Joan of Arc’s Startling Sanity

As I turn and tumble over the clever, wonderful, tiresome, and useless modern books, the title of one of them rivets my eye. It is called “Jeanne d’Arc,” by Anatole France.* I have only glanced at it, but a glance was enough to remind me of Renan’s “Vie de Jesus.”** It has the same strange method of the reverent sceptic. It discredits supernatural stories that have some foundation, simply by telling natural stories that have no foundation…

I do not mention either book in order to criticise it, but because the accidental combination of the names called up two startling images of sanity which blasted all the books before me. Joan of Arc was not stuck at the cross-roads, either by rejecting all the paths like Tolstoy, or by accepting them all like Nietzsche. She chose a path, and went down it like a thunderbolt.

Yet Joan, when I come to think of her, had in her all that was true either in Tolstoy or Nietzsche, all that was even tolerable in either of them. I thought of all that is noble in Tolstoy, the pleasure in plain things, especially in plain pity, the actualities of the earth, the reverence for the poor, the dignity of the bowed back. Joan of Arc had all that and with this great addition, that she endured poverty as well as admiring it; whereas Tolstoy is only a typical aristocrat trying to find out its secret.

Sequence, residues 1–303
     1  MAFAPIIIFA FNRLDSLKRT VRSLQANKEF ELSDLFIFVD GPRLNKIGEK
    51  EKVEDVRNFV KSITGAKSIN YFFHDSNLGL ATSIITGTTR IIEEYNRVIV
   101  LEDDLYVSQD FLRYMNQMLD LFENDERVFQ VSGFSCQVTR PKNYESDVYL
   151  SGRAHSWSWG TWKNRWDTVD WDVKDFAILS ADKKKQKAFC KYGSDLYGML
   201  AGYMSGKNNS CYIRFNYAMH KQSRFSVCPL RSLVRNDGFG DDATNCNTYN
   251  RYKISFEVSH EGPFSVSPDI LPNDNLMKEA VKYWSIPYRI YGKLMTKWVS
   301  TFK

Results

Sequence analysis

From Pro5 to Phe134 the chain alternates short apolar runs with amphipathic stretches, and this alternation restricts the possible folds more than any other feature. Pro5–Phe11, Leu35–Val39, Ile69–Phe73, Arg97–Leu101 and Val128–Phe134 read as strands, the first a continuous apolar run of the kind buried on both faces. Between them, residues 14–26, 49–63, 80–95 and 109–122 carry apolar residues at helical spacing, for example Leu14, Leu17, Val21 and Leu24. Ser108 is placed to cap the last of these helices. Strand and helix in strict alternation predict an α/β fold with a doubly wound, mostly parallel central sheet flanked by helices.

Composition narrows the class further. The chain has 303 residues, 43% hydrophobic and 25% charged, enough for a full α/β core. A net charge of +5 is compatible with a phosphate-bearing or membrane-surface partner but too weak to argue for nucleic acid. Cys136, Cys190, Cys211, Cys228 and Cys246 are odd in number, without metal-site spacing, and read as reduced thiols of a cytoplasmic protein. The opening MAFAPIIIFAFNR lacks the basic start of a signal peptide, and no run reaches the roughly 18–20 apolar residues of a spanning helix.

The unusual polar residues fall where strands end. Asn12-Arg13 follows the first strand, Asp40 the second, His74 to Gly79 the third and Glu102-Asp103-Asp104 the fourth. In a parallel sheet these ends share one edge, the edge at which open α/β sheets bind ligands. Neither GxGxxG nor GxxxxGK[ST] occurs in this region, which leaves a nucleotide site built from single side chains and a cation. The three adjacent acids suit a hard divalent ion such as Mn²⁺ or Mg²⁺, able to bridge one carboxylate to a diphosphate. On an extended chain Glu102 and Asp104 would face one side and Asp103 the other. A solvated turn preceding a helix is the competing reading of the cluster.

And then I thought of all that was brave and proud and pathetic in poor Nietzsche, and his mutiny against the emptiness and timidity of our time. I thought of his cry for the ecstatic equilibrium of danger, his hunger for the rush of great horses, his cry to arms. Well, Joan of Arc had all that, and again with this differences, that she did not praise fighting, but fought…

She beat them both at their own antagonistic ideals; she was more gentle than the one, more violent than the other. Yet she was a perfectly practical person who did something, while they are wild speculators who do nothing.

– G.K. Chesterton, Orthodoxy, pp. 49-50.

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